• Versus by Ogden Nash
  • Sight Unseen by Donald Margulies
  • My Poems from the Heart by Pam Puleo
  • Broadway Bound by Neil Simon
  • Panic in Philly by Don Pendleton
  • 2001: A Space Odyssey by Arthur C. Clarke
  • Seawitch by Alistair MacLean
  • The Sum of All Fears by Tom Clancy
  • How to Research The History of Your Webster Groves Home by Ann Morris
  • Webster Park 1892-1992 by Wilda H. Swift and Cynthia S. Easterling
  • Great Expectations by Charles Dickens
  • Eight Black Horses by Ed McBain
  • State’s Evidence by Stephen Greenleaf
  • North Webster: A Photograpic History of a Black Community by Ann Morris and Henrietta Ambrose
  • Case of the Fiery Fingers by Erle Stanley Gardner
  • Raiders of Gor by John Norman
  • Treasures of Impressionism and Post-Impressionism by
  • Lori by Robert Bloch
  • Unfair and Unbalanced: The Lunatic Magniloquence of Henry E. Panky by Patrick M. Carlisle
  • Vienna Days by Kim du Toit
  • Hoaxes! by Gordon Stein and Marie J. MacNee
  • Like I Was Sayin’ by Mike Royko
  • Farnham’s Freehold by Robert Heinlein
  • Webster Groves by Clarissa Start
  • Now and Then by Robert B. Parker
  • The Black Hole by Alan Dean Foster
  • One of Us is Wrong by Samuel Holt
  • My Enemy, My Ally by Diane Duane
  • In Retrospect I by Kathy Condon (ed.)
  • Tales from the Coral Court by Shellee Graham
  • New York at Night by Bill Harris
  • The Handyman by Penelope Mortimer
  • Downtown by Ed McBain
  • Momisms by Cathy Hamilton
  • The Enforcer by Andrew Sugar
  • The Book of Lists The 90s Edition by David Wallechinsky and Amy Wallace
  • Spill the Jackpot by A.A. Fair
  • It’s Pat: My Life Exposed by Julia Sweeney and Christine Zander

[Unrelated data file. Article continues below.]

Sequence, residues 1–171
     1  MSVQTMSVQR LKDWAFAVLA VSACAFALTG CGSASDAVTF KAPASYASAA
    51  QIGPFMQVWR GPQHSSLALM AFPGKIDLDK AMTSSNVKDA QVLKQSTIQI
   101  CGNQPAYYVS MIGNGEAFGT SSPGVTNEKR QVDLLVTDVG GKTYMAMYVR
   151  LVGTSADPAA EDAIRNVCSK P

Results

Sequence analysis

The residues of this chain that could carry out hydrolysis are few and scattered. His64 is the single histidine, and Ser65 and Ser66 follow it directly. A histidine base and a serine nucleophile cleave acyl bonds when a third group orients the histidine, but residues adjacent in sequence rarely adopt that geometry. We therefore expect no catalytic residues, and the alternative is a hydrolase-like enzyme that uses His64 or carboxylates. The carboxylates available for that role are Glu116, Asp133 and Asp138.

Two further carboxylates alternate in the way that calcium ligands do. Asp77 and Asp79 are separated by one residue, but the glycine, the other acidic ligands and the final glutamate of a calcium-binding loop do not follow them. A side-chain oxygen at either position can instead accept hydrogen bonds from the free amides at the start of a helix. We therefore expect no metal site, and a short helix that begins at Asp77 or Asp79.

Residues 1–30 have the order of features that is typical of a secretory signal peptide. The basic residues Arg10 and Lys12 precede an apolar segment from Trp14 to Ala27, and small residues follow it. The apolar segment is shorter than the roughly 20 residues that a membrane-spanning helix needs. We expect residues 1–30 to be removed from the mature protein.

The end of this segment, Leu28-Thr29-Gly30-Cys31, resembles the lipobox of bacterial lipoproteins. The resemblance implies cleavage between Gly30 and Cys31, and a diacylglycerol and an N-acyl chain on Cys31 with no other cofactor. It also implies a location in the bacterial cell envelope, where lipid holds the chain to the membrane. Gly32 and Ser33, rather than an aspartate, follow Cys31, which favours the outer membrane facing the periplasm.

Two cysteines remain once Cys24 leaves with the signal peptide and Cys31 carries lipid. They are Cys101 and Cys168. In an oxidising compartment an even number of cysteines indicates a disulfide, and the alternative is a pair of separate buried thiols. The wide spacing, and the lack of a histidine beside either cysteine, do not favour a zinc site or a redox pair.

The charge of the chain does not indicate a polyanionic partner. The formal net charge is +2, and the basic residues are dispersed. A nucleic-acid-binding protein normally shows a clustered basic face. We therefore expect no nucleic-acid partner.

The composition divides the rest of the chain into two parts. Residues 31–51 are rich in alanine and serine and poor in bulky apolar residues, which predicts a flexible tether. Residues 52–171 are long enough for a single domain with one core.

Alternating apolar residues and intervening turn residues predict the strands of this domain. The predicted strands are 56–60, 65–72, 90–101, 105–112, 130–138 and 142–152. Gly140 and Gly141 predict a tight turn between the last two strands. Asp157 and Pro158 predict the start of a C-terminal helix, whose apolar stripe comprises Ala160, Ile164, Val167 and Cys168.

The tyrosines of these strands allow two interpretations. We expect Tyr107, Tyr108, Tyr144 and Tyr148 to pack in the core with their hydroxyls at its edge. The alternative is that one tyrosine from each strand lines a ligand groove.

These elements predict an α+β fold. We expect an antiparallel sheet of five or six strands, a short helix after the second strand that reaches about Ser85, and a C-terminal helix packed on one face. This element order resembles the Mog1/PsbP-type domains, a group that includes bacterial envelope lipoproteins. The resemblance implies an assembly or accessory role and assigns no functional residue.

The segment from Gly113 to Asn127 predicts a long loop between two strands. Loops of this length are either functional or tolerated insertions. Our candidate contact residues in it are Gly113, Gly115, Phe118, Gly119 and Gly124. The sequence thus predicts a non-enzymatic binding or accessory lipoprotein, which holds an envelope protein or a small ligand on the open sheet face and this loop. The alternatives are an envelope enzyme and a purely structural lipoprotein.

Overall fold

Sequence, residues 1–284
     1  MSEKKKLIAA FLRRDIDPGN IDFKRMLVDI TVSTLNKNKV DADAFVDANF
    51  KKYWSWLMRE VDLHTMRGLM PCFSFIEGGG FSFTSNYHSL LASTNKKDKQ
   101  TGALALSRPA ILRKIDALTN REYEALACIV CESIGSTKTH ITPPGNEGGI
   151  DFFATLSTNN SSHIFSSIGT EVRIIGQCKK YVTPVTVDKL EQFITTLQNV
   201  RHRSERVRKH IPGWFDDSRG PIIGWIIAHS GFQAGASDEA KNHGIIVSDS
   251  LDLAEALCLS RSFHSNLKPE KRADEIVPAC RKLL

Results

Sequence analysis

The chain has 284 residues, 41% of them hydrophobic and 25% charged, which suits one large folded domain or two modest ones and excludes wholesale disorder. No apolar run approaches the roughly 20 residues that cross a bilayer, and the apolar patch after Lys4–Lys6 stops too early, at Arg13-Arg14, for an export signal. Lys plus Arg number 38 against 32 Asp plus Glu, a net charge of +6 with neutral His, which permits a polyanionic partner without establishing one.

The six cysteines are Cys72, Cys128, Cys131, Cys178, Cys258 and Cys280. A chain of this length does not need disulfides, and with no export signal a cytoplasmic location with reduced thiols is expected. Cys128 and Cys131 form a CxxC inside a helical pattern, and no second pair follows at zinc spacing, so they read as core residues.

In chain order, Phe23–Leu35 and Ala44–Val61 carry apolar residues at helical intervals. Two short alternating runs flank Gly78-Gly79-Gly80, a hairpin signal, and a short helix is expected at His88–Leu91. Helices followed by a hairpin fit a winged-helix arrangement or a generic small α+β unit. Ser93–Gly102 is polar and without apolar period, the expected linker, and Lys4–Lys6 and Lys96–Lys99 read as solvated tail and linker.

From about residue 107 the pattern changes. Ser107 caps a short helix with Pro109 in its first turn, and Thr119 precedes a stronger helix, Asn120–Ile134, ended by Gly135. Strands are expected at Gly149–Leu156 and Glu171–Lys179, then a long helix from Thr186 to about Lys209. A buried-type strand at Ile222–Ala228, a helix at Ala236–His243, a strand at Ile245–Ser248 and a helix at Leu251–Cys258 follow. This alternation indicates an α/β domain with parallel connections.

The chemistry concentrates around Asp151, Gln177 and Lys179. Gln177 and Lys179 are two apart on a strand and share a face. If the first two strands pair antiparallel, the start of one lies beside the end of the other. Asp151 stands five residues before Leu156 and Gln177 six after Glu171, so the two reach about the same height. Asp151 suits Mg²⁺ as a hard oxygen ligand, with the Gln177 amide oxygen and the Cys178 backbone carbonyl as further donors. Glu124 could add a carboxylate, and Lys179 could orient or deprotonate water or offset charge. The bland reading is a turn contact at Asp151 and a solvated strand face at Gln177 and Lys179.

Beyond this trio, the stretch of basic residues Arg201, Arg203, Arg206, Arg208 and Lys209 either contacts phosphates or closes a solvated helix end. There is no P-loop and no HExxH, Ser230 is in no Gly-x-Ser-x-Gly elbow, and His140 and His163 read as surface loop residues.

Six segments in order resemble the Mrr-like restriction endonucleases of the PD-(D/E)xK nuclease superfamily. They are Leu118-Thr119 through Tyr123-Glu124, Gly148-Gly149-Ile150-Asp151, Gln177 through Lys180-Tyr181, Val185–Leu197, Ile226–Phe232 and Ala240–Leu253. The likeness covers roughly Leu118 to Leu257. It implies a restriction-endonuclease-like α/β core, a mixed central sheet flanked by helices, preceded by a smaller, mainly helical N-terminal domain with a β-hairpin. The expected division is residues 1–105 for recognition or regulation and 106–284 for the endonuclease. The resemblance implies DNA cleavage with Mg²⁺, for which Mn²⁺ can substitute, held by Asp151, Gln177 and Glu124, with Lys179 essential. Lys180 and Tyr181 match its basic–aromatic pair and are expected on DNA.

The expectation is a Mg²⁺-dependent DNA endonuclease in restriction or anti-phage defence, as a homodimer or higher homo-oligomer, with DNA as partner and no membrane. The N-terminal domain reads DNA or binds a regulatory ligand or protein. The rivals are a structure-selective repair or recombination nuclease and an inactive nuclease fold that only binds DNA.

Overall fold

• Dave Barry’s Gift Guide to End All Gift Guides by Dave Barry
  • Then We Came To The End by Joshua Ferris
  • Mind Prey by John Sandford
  • Star Trek: The Motion Picture by Gene Roddenberry
  • The Best Cartoons from the Saturday Evening Post

You can find the reviews using that little search box at the top. I am far too lazy to do 125 Google searches to make it easy on you.

Overall, quite the eclectic mix. A lot of John Sandford and Ed McBain, some John Norman, and a mix of genre fiction, literary classics, poetry, and some non-fiction thrown in.

Bow before my reading prowess and my ability to sit in a recliner for whole evenings instead of doing something productive with my life.

Memo from the Laundry Room

If someone gives you red towels for Christmas, that person is not your friend.

I’ve washed this set twice using the color-lock vinegar method, and they still bleed red. Also, the manufacturer has used a special dye-as-binder method so that the actual washings are taking out as much of the linen as the dye.

So when we put these special towels out when our “friend” comes by next year, she’ll think we need more new towels. Red. And the circle will be unbroken.

Good Book Hunting: November 21, 2007 (The Late Edition)

Gentle reader, I have been holding something back from you. It’s the results of our November 21 trip to yard sales and what books I bought there. I haven’t been buying much in December except for a couple trips to the bookstore or Amazon.com (The Fred File, And Then We Came To The End, Honeymoon with my Brother, and Mark Bowden’s Road Work). But in November, our last real excursion of last year, I bought the following:



November 21 book hunting results
Click for full size

We have:

  • An architecture handbook so I can be just like Howard once I get the orange hair dye to take.
  • A book of lists (not the official The Book of Lists) about the best things.
  • A smart-sounding book about Naturalism. I forget what sort.
  • A biography of Tolstoy’s wife.
  • Some flat book I forget and am too lazy to look for.
  • A promotional copy of the last Billy Joel live CD.
  • A record containing some gothic and renaissance music.

Heather’s stack is to the right.

That lone book in the middle was a mistake; sometime in the transfer of passing back and forth the stack of books and the boy, we picked up the book upon which we had put the stack and there it is. Now it’s mine by default.